Grandeur and serenity. That’s what you feel when you enter the streets of Hora and the monastery of Patmos. For many years, during Orthodox Easter and all summer long, Patmos has been frequented by intellectuals, artists, royalty and discerning visitors from all over the world. Small and secluded yet spectacular all the same, it is the island of the Apocalypse, “The Jerusalem of the Aegean”, and has a deep relationship with religion.
Mystical experiences await you here in the Dodecanese: In the dark cave where St John the Divine wrote the book of Revelation, the Monastery of St John the Theologian, and the labyrinthine streets of Hora with its aristocratic homes. Discover an island-monument that Unesco has declared a World Heritage Site.
What to do on Patmos
The Cave of the Apocalypse
This sacred, candlelit grotto is believed to be the spot where St John the Divine received his visions from Christ and transcribed the Book of Revelation, the last chapter of the Christian Bible. Exiled on Patmos in 95 AD, he preached to and baptised the island’s inhabitants. Eventually, Patmos came to be considered sacred and the cave became the focal point of a significant religious pilgrimage.
Next to godliness
High on the hill above Hora, the Monastery of St John the Theologian is an important centre of worship. This monastery, with its significant religious history and imposing architecture, rises grandly over the Aegean and dominates life on Patmos. The monastic community here has existed for over 900 years and the relics, rare documents, icons and other Orthodox treasures in the monastery are invaluable.
It was established in 1088 by the Byzantine monk St Christodoulos the Blessed. Each Easter, on the night of the Resurrection, the Holy Light makes its way from Jerusalem to Patmos. Likewise, on Holy Thursday, the church service of Niptiros (which occurs only in Patmos and in Jerusalem) is an event that never fails to inspire.
Feudal lords and wealthy merchants and captains from the 16th to the 19th century have all left their mark on Hora. As you walk in the shadow of the imposing buildings with Gothic and neoclassical features, pass under the arcades and archways and head long alleyways that barely fit two people, it isn’t hard to understand why it’considered one of the most stately island towns in the Aegean.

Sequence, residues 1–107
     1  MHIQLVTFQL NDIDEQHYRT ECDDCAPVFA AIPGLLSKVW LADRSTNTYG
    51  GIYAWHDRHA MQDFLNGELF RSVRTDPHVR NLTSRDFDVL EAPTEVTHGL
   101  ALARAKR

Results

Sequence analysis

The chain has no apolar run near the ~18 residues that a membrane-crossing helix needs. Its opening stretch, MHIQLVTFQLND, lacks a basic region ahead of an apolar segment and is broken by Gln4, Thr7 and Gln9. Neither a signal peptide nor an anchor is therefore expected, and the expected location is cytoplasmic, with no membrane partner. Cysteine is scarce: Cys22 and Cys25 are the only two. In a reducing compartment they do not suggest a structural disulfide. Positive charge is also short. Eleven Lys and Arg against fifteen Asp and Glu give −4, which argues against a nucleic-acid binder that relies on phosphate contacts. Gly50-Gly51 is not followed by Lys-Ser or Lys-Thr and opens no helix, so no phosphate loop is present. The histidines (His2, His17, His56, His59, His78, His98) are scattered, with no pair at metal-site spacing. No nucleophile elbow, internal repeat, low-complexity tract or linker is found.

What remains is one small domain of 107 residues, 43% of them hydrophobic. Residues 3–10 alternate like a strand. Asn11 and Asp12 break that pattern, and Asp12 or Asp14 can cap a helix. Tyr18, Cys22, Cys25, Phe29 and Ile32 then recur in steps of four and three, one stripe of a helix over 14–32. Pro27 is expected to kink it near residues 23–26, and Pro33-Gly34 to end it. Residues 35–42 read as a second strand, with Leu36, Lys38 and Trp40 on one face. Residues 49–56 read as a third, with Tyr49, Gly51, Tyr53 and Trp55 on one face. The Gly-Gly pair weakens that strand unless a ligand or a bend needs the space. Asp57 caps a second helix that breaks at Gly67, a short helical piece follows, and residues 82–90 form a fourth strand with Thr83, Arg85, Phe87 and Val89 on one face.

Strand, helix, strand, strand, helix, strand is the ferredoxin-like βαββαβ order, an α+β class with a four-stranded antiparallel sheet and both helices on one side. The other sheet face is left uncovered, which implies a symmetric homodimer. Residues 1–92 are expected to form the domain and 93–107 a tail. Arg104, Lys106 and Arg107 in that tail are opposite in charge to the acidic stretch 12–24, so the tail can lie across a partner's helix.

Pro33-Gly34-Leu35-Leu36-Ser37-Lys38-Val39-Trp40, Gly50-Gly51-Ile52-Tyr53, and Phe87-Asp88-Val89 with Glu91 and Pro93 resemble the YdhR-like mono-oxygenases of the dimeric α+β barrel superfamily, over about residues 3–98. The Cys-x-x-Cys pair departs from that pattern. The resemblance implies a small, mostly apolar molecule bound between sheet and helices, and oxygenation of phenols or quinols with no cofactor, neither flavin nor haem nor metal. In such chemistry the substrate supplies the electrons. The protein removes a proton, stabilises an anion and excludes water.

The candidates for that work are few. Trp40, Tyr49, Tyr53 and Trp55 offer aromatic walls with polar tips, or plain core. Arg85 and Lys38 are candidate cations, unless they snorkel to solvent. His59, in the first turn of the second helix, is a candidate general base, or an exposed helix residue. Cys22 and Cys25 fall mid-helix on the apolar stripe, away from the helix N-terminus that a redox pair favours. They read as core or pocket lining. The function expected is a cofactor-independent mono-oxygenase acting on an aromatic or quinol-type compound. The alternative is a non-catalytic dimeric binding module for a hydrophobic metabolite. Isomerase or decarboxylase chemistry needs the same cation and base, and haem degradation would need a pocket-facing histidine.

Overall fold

Ask to be shown the sights and stately homes of Vardikou, Palaiologou, Valvi, Foundi (of Leonton) and be transported to another time. At Nikolaidi, which has been converted into an exceptional museum, you will find a representation of a traditional home in Patmos, as well as many archaeological discoveries.
Kalikatsou: Solid as a rock
This huge rock juts out of the water and looks like a sculpture in the sea. It is a significant archaeological site. Researchers believe it was once a temple of Aphrodite and continued to be a place of worship well into the Christian era. Climb up and see the carving in the rock, water reservoirs for sacred rituals and small caves where offerings were made. The view from the top is breathtaking, as the Aegean Sea unfolds at your feet.
Hidden gems of Patmos
These small monastic units in caves were created by monks. Beside their hermitages, they also built small temples.
Experience the view from the highest point of the island. All around you are caves and large rocks scattered everywhere, as if they were tossed from above. And in the distance is the reassuring presence of the big blue Aegean Sea.
A historic pathway
A walk on Aporthiano road is worth your while. This old trail unites Hora with the port, Skala.